The Saskatchewan Ministry of Justice is reviewing whether charges are warranted against Husky Energy for its role in a major oil spill last summer.
The department is reviewing Husky's response to alarms before the spill and the delay in shutting down the system.
The pipeline rupture last July allowed 225,000 litres of heavy oil mixed with diluent to spill onto the bank of the North Saskatchewan River — about 40 per cent reached the river.
The Saskatchewan government investigation released today says the leak began on July 20, the day before the spill was discovered.
The investigation says the pipeline's leak detection systems were flagging potential problems before the spill and continued until the system was shut down for scheduled maintenance the next day.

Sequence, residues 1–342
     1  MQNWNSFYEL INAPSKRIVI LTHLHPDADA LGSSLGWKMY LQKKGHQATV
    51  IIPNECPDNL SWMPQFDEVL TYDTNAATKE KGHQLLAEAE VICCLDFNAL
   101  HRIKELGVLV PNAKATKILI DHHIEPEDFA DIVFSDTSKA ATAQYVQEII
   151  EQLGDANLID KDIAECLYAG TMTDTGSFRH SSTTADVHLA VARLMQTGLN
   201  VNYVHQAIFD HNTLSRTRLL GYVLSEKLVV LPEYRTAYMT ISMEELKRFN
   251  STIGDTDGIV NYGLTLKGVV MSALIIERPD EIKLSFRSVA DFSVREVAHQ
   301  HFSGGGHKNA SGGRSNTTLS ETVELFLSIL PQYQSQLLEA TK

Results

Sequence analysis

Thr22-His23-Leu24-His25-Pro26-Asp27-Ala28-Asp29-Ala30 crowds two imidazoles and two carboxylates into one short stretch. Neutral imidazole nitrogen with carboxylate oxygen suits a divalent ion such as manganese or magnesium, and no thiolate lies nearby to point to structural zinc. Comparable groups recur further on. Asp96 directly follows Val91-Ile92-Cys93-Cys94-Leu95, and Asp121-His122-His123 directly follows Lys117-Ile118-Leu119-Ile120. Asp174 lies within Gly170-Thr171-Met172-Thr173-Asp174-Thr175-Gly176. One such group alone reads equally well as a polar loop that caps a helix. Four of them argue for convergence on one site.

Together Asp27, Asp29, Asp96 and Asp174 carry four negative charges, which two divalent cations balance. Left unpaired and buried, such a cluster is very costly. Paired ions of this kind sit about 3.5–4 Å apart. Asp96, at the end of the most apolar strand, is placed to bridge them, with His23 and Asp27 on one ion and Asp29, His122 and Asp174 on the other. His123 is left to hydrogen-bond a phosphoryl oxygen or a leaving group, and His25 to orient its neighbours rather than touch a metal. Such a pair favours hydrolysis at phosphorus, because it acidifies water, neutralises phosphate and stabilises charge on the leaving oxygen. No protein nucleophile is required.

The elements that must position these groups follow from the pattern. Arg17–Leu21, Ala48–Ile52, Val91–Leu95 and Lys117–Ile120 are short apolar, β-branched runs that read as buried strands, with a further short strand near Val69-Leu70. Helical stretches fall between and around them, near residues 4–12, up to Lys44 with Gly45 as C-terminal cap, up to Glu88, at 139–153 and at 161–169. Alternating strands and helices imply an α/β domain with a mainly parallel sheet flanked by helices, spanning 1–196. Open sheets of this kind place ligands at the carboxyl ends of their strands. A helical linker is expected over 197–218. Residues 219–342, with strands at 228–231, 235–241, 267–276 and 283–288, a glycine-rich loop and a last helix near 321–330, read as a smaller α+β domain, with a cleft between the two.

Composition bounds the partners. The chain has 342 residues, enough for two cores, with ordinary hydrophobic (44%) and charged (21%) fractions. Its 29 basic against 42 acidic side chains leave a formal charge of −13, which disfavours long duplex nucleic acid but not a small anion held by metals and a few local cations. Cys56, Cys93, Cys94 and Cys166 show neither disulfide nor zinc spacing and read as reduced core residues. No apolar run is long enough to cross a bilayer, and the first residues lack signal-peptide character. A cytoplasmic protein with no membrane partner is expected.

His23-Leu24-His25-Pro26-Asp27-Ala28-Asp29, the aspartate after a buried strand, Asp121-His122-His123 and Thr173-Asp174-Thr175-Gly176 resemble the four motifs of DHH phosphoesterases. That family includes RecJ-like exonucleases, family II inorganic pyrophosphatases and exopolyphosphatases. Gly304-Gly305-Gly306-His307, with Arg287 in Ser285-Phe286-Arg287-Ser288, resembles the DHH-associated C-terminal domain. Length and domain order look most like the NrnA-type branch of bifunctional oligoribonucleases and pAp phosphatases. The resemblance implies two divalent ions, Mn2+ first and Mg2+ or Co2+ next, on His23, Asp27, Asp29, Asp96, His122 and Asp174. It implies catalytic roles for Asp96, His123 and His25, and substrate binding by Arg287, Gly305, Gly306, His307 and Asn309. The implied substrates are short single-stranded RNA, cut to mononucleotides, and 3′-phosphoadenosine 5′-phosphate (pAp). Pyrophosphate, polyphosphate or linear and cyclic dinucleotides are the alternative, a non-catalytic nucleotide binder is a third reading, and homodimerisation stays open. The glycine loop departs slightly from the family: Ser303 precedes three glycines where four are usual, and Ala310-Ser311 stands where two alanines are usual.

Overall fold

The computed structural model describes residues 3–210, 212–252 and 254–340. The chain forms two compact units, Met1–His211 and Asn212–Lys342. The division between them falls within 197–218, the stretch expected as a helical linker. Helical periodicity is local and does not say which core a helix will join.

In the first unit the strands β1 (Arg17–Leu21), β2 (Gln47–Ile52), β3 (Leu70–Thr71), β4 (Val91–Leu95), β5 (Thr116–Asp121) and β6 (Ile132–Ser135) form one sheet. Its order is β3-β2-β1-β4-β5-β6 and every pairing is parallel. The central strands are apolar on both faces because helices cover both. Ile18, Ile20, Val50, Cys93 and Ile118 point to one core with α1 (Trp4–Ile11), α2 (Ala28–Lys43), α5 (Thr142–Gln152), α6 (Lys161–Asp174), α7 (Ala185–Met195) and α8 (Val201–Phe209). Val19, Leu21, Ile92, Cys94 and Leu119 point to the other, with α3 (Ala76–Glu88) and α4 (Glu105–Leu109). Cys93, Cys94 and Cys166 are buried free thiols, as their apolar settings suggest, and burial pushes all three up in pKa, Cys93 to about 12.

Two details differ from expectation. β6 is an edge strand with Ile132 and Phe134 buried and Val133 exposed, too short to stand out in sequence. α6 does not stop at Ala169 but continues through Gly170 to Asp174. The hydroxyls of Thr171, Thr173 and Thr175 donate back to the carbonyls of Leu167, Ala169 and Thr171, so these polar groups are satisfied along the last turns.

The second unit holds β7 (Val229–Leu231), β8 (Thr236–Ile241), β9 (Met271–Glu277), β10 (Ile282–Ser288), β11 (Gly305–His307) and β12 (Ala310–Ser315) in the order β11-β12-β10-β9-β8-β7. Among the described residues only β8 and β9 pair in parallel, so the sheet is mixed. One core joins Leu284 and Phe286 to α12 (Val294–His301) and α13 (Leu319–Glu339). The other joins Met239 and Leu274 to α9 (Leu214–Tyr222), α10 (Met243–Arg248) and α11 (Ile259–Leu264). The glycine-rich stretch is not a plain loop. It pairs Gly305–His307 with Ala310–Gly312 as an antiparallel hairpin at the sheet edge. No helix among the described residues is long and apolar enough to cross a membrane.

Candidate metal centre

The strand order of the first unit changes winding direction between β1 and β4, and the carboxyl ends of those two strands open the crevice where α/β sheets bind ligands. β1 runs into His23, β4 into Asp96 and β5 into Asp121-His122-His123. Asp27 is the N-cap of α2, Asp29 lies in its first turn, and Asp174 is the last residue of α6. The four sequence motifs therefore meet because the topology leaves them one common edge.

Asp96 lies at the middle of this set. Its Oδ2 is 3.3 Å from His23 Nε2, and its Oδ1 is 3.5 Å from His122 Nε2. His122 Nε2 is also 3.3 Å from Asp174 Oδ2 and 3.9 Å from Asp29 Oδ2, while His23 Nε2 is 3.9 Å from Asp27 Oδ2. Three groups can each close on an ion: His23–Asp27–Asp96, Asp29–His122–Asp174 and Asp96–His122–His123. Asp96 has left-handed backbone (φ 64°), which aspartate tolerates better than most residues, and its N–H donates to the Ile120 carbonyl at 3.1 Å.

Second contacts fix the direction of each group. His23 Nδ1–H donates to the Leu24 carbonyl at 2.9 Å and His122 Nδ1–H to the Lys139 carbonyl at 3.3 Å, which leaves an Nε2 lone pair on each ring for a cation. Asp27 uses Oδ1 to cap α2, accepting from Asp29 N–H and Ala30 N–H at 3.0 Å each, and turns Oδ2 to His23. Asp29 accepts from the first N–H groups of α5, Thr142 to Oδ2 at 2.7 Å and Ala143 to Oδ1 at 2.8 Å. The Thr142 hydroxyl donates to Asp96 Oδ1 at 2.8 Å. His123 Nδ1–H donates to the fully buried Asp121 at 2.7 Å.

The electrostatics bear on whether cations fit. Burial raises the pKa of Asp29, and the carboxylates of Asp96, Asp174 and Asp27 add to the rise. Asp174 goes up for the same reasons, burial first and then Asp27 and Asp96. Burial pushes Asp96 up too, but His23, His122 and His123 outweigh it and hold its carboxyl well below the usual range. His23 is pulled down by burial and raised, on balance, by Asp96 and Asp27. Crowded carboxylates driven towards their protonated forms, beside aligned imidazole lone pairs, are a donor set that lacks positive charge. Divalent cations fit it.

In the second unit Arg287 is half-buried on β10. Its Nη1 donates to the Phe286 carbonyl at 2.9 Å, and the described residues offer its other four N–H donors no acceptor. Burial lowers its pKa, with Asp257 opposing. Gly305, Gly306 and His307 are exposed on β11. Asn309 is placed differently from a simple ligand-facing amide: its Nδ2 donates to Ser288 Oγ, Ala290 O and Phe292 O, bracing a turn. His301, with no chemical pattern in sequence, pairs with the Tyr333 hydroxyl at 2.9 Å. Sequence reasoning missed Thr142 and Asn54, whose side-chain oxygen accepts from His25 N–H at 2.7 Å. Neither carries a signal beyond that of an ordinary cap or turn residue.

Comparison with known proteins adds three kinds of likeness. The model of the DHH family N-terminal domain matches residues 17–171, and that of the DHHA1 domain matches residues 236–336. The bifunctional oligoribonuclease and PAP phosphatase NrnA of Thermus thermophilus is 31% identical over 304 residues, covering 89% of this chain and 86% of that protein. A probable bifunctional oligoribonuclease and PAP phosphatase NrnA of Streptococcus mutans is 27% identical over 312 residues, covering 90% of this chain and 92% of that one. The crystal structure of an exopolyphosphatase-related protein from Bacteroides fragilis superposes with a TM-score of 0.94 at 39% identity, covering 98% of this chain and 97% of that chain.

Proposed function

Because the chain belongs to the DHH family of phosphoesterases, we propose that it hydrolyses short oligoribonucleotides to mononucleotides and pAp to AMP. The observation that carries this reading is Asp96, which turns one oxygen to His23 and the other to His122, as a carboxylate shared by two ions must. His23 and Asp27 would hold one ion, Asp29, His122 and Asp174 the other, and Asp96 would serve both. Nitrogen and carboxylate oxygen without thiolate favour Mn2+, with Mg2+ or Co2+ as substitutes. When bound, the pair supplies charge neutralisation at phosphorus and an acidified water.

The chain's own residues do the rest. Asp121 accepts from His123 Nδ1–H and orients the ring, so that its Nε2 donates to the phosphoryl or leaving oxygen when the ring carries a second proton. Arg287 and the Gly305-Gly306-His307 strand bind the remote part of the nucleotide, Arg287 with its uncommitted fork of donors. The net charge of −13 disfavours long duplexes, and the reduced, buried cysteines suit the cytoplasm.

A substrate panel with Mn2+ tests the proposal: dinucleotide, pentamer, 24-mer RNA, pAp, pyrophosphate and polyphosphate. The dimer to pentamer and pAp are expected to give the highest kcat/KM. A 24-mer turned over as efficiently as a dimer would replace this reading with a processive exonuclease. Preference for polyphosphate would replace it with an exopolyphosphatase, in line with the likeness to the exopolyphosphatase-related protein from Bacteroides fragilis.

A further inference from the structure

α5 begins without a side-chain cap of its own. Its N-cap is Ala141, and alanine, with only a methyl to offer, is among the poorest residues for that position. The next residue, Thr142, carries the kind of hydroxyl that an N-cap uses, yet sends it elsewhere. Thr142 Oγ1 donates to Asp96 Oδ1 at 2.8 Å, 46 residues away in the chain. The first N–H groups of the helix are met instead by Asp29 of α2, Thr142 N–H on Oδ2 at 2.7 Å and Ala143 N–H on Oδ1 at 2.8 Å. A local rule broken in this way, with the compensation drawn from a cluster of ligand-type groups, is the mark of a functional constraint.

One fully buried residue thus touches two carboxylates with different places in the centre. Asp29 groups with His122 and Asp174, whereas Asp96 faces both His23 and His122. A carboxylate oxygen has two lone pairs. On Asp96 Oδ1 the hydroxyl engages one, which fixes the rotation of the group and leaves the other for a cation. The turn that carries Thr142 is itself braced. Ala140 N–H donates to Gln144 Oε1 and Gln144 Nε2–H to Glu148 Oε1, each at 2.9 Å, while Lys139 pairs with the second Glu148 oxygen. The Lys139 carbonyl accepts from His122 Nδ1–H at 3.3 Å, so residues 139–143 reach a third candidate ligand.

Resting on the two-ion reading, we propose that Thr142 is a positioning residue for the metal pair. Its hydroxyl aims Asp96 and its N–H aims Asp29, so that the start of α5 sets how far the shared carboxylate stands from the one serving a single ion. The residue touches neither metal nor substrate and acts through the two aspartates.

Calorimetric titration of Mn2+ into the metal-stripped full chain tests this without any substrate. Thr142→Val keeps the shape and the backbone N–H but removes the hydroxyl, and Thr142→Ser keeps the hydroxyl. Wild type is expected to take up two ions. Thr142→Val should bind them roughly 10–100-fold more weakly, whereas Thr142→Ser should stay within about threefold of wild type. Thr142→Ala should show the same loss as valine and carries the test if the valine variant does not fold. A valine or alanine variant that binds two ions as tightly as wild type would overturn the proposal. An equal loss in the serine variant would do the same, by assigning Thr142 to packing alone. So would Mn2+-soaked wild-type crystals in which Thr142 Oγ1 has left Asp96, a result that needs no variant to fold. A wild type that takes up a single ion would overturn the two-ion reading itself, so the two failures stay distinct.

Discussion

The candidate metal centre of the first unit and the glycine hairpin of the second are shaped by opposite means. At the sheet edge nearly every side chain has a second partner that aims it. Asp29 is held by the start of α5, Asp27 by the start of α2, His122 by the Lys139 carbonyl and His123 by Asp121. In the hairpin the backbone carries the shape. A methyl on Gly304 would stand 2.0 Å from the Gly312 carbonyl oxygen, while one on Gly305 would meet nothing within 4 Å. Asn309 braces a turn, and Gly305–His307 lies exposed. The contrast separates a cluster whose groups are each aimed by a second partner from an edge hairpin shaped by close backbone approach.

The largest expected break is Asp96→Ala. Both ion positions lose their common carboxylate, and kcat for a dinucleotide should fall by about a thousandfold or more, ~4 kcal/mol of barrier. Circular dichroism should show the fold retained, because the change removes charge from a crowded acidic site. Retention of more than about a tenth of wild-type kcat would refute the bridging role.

The government was first notified of the spill when a member of the public reported an oil slick on the river.
Husky Energy has said the pipeline buckled because of ground movement.
The cities of North Battleford, Prince Albert and Melfort were forced to shut their intakes from the river and find other water sources for almost two months. The spill cost $107 million to clean up.
Environmentalists have called for Husky to be fined for discharging a substance that could hurt the environment.